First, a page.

6. Secondly it was contended relying on a decision of this court in the case of Suraj Ball v. Rang Bahadur : AIR1950All88 that even if the first contention was not accepted, the relationship of mortgagors and mortgagees subsisted between the parties at the date of merger, that is 1st of January, 1950 when the Uttar Pradesh Merged States Act 1950 came into force. It was contended that in the Tehri Garhwal State's Limitation Act there was no provision like Section 28 of the Indian Limitation Act with the result that although the remedy of the plaintiffs might have been barred but their right was not extinguished and they were entitled to recover possession on payment of the mortgage money.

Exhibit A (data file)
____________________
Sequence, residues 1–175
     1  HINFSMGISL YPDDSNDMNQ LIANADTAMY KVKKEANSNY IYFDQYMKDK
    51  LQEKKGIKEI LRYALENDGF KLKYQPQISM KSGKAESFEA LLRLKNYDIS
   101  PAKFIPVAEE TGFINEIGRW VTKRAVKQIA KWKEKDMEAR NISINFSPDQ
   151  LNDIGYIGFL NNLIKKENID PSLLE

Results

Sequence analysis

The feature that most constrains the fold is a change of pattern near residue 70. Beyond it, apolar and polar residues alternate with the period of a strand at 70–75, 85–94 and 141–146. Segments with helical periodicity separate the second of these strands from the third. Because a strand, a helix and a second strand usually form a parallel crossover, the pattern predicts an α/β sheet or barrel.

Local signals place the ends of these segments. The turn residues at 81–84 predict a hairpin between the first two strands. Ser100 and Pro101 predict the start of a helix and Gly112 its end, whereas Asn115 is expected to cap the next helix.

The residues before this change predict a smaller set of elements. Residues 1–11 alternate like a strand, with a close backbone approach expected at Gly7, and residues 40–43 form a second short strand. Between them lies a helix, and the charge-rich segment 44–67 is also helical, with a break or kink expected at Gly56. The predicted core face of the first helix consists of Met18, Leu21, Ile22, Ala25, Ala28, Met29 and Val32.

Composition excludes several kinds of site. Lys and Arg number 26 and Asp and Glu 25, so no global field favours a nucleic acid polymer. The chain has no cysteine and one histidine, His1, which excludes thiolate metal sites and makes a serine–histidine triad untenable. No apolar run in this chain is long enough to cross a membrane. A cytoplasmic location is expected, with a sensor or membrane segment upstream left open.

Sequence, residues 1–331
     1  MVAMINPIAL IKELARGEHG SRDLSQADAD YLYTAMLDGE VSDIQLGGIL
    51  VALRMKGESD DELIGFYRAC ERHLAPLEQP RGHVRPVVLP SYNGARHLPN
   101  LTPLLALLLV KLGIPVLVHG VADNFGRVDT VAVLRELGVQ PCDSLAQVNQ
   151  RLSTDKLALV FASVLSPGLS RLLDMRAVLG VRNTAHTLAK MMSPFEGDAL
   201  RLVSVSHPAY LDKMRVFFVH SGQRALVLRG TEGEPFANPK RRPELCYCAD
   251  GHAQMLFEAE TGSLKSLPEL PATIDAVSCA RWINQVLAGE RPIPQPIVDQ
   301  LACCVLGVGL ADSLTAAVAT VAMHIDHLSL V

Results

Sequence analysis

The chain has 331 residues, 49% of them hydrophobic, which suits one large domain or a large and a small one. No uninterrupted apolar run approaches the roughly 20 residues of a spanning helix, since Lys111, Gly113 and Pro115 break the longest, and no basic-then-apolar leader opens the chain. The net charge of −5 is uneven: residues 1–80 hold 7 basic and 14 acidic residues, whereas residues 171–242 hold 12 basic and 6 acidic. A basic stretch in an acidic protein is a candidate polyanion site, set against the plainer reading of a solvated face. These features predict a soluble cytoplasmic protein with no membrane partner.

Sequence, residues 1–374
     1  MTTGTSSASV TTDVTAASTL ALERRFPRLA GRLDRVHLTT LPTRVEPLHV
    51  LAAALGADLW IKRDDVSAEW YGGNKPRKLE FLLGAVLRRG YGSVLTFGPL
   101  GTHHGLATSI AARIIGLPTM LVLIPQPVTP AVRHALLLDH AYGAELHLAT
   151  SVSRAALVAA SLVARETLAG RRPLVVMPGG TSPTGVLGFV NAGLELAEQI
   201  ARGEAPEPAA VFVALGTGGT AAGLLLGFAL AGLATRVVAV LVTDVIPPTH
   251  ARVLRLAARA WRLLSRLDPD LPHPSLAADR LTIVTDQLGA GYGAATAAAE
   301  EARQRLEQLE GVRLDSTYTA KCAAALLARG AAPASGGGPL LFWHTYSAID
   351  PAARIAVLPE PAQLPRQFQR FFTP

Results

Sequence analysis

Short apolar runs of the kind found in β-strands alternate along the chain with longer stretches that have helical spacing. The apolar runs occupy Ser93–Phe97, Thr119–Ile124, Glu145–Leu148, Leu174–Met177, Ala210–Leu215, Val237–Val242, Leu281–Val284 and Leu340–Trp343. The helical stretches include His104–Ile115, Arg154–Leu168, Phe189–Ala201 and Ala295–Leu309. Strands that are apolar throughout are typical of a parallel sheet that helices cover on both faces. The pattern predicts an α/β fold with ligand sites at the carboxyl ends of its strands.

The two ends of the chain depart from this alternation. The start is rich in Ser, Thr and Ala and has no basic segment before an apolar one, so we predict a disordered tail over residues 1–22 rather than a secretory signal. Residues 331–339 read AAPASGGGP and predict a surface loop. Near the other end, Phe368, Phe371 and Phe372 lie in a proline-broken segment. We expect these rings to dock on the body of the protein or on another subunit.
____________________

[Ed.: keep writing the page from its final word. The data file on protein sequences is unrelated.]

7. I have heard the learned counsel for the parties in support of their respective contentions on the two points raised by the learned counsel for the appellants and after having heard them I am of opinion that the decision of the two courts below has to be upheld.
8. This case conies from the area which was in the erstwhile Tehri Garhwal State. Tehri Garhwal had its own Limitation Act before the merger. In Tehri Garhwal before the merger a suit for redemption could be filed within 11 years of the accrual of the right of redemption. The relevant Article was Article 117 of the Tehri Garhwal State's Limitation Act, It read as follows :--
u- flyflykukfy'k vihy ;k nj[kkLr dh fdLefe;kndcls fe;kn fxuh tk;xh117cU/kd jD[kh gqbZ LFkkoj laEifrjgu'kqnk tk;nkn xsjs eudwyk ds bZufddkd ckcr ukfy'k11 o'kZtc rd bufddkd gks ml rkjh[k lsA